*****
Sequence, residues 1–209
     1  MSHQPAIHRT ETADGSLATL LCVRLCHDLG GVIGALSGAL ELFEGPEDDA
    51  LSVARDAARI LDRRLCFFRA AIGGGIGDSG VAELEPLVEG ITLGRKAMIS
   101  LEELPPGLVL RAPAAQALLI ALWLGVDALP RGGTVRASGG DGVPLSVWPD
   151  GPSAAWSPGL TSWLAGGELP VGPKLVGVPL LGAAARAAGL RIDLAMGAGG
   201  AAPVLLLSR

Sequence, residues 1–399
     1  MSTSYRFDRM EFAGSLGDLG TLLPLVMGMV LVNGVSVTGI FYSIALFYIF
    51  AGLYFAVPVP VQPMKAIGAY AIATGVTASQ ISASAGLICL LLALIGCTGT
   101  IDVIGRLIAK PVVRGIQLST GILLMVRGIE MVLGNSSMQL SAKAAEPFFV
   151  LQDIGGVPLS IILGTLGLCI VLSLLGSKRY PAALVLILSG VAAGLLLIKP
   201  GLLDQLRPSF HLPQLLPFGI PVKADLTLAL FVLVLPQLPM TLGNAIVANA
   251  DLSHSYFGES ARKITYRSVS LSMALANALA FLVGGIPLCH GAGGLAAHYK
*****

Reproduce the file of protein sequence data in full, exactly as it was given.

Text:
Sequence, residues 1–209
     1  MSHQPAIHRT ETADGSLATL LCVRLCHDLG GVIGALSGAL ELFEGPEDDA
    51  LSVARDAARI LDRRLCFFRA AIGGGIGDSG VAELEPLVEG ITLGRKAMIS
   101  LEELPPGLVL RAPAAQALLI ALWLGVDALP RGGTVRASGG DGVPLSVWPD
   151  GPSAAWSPGL TSWLAGGELP VGPKLVGVPL LGAAARAAGL RIDLAMGAGG
   201  AAPVLLLSR

Sequence, residues 1–399
     1  MSTSYRFDRM EFAGSLGDLG TLLPLVMGMV LVNGVSVTGI FYSIALFYIF
    51  AGLYFAVPVP VQPMKAIGAY AIATGVTASQ ISASAGLICL LLALIGCTGT
   101  IDVIGRLIAK PVVRGIQLST GILLMVRGIE MVLGNSSMQL SAKAAEPFFV
   151  LQDIGGVPLS IILGTLGLCI VLSLLGSKRY PAALVLILSG VAAGLLLIKP
   201  GLLDQLRPSF HLPQLLPFGI PVKADLTLAL FVLVLPQLPM TLGNAIVANA
   251  DLSHSYFGES ARKITYRSVS LSMALANALA FLVGGIPLCH GAGGLAAHYK